Emacs Lisp
#
(setq org-babel-default-header-args:R
      '((:results . my/org-src-guess-results-type)
        (:file . my/org-src-sha-to-image)))

This means for most cases we can now get away without any header arguments at all.

Org mode
#
#+begin_src R
library(ggplot2)
ggplot(mpg, aes(displ, hwy, colour = class)) + geom_point()
#+end_src

It’s always lovely to see more ways of reducing boilerplate.

Proportional image widths

Previously, as long as org-image-actual-width was nil or a list of the form (default-value), org-mode would display images according to a :width attribute (e.g. #+attr_html: :width 400px) by simply looking for the first #+attr_ affiliated keyword and reading the numeric component of the :width as the number of pixels wide the image should be.

This has now become somewhat fancier. The image-width determining logic has been extracted to a new function (org-display-inline-image--width) which will now extract floating-point values like 0.7 and interpret them as that portion of the accessible text width in the buffer.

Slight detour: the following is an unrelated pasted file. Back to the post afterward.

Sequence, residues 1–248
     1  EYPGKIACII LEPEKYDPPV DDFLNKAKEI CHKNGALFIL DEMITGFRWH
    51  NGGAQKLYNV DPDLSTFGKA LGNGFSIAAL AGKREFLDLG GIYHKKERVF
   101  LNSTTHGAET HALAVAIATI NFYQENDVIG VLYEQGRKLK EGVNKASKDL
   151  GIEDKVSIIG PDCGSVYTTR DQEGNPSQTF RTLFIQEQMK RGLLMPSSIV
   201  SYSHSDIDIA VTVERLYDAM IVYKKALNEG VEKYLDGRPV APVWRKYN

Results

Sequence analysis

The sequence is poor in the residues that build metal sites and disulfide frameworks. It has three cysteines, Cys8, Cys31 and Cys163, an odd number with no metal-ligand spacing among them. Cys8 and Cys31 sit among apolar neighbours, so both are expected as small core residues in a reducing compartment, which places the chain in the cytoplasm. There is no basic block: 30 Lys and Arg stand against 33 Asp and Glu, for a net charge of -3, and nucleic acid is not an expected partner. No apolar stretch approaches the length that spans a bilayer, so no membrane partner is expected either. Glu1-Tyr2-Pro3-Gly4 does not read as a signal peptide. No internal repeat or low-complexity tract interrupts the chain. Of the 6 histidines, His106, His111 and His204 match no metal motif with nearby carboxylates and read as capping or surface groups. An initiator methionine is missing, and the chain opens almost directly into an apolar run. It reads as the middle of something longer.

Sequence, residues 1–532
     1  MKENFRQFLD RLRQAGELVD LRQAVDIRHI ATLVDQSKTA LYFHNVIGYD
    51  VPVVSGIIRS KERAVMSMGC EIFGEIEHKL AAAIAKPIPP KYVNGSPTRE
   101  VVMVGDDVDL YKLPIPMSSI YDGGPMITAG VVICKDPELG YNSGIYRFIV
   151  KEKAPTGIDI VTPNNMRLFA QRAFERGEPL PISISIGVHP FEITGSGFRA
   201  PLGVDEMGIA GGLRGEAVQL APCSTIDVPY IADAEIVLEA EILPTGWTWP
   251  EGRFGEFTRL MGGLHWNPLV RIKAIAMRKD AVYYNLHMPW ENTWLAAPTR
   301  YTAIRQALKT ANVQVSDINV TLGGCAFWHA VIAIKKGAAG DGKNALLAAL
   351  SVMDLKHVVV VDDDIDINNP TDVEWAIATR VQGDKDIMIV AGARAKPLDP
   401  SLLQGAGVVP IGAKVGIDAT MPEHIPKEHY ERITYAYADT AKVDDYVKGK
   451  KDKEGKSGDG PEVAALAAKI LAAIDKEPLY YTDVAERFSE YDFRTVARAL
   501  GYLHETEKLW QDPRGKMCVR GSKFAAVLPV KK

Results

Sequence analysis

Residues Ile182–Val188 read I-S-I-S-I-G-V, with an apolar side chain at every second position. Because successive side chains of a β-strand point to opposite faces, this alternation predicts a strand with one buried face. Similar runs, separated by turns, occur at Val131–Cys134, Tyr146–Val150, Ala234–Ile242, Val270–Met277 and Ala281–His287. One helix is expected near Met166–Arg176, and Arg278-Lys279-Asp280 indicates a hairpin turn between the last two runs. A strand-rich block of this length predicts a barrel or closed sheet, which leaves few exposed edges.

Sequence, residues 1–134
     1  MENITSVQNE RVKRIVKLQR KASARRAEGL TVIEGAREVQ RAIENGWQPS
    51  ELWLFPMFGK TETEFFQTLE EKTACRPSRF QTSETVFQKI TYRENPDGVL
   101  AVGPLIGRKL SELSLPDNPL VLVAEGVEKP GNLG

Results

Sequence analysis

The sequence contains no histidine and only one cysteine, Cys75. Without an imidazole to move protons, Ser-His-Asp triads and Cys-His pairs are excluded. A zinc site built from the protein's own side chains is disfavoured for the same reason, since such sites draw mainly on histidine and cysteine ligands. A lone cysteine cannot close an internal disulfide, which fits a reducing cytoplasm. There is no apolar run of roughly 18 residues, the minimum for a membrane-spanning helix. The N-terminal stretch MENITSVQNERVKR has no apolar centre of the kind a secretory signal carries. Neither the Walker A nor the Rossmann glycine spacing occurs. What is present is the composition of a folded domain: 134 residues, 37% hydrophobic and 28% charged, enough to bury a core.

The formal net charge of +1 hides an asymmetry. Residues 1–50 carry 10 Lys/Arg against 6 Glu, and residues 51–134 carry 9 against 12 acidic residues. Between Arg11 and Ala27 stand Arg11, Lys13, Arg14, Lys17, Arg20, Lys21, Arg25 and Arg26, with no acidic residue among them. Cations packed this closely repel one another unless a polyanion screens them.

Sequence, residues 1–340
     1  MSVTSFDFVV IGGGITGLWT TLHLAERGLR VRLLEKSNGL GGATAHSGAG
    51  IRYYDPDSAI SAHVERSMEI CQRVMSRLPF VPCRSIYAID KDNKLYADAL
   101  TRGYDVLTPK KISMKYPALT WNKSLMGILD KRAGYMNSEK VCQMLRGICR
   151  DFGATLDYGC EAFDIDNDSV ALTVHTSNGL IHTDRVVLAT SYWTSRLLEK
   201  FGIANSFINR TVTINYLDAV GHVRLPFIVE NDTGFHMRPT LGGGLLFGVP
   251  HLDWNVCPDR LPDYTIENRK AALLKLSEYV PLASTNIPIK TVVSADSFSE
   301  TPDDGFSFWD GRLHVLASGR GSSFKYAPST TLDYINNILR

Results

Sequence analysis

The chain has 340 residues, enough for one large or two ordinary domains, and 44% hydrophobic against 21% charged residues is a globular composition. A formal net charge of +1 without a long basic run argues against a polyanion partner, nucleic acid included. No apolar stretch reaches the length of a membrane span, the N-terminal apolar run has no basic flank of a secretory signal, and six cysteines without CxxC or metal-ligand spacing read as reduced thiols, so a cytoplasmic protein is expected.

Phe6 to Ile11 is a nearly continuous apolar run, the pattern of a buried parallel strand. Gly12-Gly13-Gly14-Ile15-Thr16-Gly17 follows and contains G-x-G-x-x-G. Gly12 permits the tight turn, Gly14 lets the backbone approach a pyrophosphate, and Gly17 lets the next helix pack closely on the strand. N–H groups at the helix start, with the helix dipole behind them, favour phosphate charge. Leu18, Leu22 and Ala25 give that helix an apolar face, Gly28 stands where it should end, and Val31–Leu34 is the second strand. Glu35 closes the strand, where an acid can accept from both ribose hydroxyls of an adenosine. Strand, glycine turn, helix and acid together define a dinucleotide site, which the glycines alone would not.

proportional-image-width.png
Figure 3: A containing with an image set to half of the accesible text width

This means that a width parameter like #+attr_latex: :width 0.7\linewidth the image will displayed as 70% of the buffer text width. This also supports percentage value, like #+attr_html: :width 80% by dividing the number before the % by 100 as a floating-point value. As always, if you don’t like the way display width is inferred here you can override it by putting a #+attr_org: :width X statement first.

Support for proportional image widths extends to the (default-value) form of org-image-actual-width, as now if you set it to say (0.9) which will cause images without any width specification to be displayed at 90% of the buffer text width.

If you want to have some images displayed as their actual width you can use the new special width parameter t to set this on a per-image basis with #+attr_org: :width t. Now all you need to do is remember to put this first. Based on current discussions on the mailing list though, soon #+attr_org will be prioritised when determining display image width, no matter which order you put the attributes in. I do like having one less thing to remember 🙂.